Words Create Worlds®
April 2016 Newsletter
Company of Experts Consulting Services
Working Together is Success... 


Spring has arrived in Southern Nevada. The rays of light seem to be penetrating giving us the warmth that a " being" finds refreshing, invigorating and energizing. Mother Earth is giving us the entrée to be out and about creating and imagining, "what if "?
What does "What if " mean for you, a friend, family member or those you work with on a daily basis? In reading a quote from Henry Ford, his "what if" might have been, "Coming together is a beginning, keeping together is progress, working together is success." To me, it means working with others - using ones imagination to be able to feel a change, see it, sense it, feel it and best of all redirect my focus to possibilities. No matter the descriptor or definition it is working and communicating with others. It is about us, all of us.  
This past week I have had the opportunity to read and review the fine work, Practicum's, of many of those that have joined us at Appreciative Inquiry Facilitator Trainings somewhere throughout the world. The stories are touching, encouraging and most of all speak of individuals coming together with a common purpose and outcome, as Henry Ford stated, "...working together is success."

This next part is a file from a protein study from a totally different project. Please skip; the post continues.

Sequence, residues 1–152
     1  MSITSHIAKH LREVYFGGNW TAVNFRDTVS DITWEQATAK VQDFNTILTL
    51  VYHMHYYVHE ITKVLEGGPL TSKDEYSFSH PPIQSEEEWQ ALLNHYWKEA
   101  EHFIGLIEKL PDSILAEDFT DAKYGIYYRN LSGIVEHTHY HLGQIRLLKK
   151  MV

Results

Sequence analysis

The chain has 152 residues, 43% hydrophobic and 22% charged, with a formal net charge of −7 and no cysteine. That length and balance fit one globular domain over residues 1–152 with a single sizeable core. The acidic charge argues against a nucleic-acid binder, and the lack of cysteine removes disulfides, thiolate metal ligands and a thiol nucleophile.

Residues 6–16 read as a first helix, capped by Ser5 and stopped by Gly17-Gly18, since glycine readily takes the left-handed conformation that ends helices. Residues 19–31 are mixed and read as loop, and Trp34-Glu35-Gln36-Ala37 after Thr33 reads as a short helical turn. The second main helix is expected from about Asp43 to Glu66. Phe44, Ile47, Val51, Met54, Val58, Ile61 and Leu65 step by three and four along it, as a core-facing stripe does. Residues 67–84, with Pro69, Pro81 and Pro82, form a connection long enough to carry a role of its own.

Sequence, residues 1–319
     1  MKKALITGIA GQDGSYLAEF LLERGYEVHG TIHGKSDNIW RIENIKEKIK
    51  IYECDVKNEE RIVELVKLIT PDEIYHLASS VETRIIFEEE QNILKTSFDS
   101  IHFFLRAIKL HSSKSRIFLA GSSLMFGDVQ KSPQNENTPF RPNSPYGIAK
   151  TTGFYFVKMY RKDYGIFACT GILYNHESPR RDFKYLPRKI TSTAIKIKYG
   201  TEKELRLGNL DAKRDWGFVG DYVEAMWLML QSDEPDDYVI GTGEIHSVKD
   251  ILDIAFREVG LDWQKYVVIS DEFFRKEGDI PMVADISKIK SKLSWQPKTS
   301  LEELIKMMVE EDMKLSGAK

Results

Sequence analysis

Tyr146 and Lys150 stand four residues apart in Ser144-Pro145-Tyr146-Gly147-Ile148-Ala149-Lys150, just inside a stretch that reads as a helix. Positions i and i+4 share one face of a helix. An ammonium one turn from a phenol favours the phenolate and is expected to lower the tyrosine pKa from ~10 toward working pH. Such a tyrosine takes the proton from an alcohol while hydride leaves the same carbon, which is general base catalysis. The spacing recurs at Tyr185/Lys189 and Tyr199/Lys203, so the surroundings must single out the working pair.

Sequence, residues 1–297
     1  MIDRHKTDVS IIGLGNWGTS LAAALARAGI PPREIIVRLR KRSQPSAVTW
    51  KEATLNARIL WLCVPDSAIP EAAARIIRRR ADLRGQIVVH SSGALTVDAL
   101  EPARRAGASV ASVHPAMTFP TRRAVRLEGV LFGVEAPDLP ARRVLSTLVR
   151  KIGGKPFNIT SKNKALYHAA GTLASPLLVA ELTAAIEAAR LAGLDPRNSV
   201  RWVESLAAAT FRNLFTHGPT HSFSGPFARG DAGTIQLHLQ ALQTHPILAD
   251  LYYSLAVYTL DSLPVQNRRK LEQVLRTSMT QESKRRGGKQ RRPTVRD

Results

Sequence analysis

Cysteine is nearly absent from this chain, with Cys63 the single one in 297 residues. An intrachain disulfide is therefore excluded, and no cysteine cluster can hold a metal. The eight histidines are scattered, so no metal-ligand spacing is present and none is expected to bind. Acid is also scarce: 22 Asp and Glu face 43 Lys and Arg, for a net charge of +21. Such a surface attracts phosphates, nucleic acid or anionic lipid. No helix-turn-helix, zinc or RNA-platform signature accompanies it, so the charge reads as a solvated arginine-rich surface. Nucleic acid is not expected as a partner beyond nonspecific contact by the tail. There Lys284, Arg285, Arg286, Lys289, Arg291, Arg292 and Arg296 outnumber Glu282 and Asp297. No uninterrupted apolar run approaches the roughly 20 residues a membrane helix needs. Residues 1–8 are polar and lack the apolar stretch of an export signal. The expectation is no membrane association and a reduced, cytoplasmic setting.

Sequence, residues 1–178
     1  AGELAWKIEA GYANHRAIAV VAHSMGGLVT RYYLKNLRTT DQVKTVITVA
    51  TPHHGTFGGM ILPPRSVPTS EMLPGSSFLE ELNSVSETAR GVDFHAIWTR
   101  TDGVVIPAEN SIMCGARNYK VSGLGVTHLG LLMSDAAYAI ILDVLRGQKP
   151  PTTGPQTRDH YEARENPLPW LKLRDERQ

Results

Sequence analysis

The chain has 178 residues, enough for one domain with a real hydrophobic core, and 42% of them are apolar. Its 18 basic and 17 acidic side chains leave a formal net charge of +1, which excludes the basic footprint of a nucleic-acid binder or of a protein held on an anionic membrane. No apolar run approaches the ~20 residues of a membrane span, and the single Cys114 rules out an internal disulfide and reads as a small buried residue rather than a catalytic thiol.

Individually, how can we create a difference for others thus changing ourselves?

Kathy Becker,
President and CEO,
The Center for Appreciative Inquiry
In This Issue:
Appreciative Resources:
Why Storytelling Will Be the Biggest Business Skill of the Next 5 Years
By: Shane Snow, Chief Content Officer at Contently
In 2012, a pale woman with crazy eyebrows and a keytar strapped to her back made a video of herself, wearing a kimono and holding up hand-Sharpied signs on a street in Melbourne. One by one, the signs flipped, explaining that the woman had spent the last 4 years writing songs. She was a musician, and had parted ways with her record label, which had said the cost of her next album would be a whopping $500,000. She and her band mates were very happy to no longer be with the label, and had worked hard to create some great new music and art. But they couldn't finish producing the record on their own. She needed people's help to get it off the ground and to make what was now her business - independent music - work.

"This is the future of music," one of her signs read. Another, "I love you."

And then she posted the video on Kickstarter. In 30 days, it raised $1.2 million dollars. 24,883 people pre-ordered the album, bought artwork, or simply donated money. The album and tour became a huge success, and the artist turned her music into a real, profitable business. The woman in the kimono, if you haven't heard this story already, was Amanda Palmer, and she went on to give a massively popular TED talk about the whole affair.